Many real-world problems can be reduced to combinatorial optimization on a
graph, where the subset or ordering of vertices that maximize some objective
function must be found. With such tasks often NP-hard and analytically
intractable, reinforcement learning (RL) has shown promise as a framework with
which efficient heuristic methods to tackle these problems can be learned.
Previous works construct the solution subset incrementally, adding one element
at a time, however, the irreversible nature of this approach prevents the agent
from revising its earlier decisions, which may be necessary given the
complexity of the optimization task. We instead propose that the agent should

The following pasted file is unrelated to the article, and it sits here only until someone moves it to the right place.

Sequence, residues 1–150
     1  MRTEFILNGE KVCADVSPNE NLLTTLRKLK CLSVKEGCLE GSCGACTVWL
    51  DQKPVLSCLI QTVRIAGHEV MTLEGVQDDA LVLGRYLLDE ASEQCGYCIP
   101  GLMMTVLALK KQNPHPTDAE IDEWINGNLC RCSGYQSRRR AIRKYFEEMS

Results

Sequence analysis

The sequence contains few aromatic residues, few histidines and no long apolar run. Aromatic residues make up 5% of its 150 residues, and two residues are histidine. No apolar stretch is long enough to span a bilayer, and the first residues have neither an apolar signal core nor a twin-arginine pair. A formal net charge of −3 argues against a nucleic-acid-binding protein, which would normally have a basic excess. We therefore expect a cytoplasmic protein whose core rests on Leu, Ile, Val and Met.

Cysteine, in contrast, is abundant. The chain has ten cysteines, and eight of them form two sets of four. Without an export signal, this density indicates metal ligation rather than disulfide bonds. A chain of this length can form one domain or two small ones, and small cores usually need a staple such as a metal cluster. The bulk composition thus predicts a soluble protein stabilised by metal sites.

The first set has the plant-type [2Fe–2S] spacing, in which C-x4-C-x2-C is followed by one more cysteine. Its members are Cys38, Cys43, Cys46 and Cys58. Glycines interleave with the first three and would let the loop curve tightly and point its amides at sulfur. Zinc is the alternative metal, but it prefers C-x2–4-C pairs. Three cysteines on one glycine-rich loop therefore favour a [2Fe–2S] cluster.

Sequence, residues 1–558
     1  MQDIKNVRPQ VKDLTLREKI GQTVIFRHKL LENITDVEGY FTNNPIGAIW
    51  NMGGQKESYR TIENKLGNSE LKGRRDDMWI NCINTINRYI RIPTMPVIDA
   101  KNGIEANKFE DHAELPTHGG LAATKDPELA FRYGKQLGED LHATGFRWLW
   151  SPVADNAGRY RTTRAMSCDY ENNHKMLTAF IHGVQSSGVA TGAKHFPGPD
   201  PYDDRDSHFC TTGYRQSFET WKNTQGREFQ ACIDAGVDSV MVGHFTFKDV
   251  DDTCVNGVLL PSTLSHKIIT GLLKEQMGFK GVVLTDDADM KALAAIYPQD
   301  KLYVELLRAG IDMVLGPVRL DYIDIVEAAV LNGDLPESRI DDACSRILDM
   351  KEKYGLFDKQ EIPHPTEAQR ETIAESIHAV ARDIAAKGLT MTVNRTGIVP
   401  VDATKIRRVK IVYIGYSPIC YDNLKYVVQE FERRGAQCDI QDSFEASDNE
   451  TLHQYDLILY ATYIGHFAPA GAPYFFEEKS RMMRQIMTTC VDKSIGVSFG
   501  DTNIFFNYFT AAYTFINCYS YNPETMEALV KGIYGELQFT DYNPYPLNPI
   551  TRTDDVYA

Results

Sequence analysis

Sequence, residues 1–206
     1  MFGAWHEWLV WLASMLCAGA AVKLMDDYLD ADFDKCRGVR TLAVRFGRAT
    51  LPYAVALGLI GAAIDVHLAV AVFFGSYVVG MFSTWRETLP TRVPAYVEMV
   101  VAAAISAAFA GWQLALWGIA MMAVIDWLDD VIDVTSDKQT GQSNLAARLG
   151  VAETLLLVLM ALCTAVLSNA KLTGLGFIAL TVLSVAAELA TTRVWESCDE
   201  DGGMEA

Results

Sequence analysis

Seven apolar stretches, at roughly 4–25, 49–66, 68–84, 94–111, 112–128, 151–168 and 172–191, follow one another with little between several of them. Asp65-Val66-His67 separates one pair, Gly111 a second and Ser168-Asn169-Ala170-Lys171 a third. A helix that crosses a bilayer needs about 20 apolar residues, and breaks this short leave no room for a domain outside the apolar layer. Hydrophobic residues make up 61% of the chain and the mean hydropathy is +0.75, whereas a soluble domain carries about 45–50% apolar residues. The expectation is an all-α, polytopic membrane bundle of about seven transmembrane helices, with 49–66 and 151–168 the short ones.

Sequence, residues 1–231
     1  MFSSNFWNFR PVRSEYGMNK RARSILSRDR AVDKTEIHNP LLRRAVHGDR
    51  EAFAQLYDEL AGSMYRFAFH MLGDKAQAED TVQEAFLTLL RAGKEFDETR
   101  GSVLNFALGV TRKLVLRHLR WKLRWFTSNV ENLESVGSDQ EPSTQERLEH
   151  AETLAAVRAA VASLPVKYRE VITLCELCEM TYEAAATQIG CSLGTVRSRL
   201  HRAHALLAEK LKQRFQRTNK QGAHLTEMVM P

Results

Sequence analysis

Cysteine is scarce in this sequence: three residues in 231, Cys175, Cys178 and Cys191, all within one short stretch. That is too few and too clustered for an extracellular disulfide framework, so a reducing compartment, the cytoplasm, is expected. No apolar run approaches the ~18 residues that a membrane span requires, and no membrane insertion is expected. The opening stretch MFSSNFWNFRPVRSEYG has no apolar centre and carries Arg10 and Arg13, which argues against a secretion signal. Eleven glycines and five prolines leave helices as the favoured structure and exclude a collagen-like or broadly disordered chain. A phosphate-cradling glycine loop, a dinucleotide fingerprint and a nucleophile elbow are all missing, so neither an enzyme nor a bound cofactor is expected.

seek to continuously improve the solution by learning to explore at test time.
Our approach of exploratory combinatorial optimization (ECO-DQN) is, in
principle, applicable to any combinatorial problem that can be defined on a
graph. Experimentally, we show our method to produce state-of-the-art RL
performance on the Maximum Cut problem. Moreover, because ECO-DQN can start
from any arbitrary configuration, it can be combined with other search methods
to further improve performance, which we demonstrate using a simple random
search.

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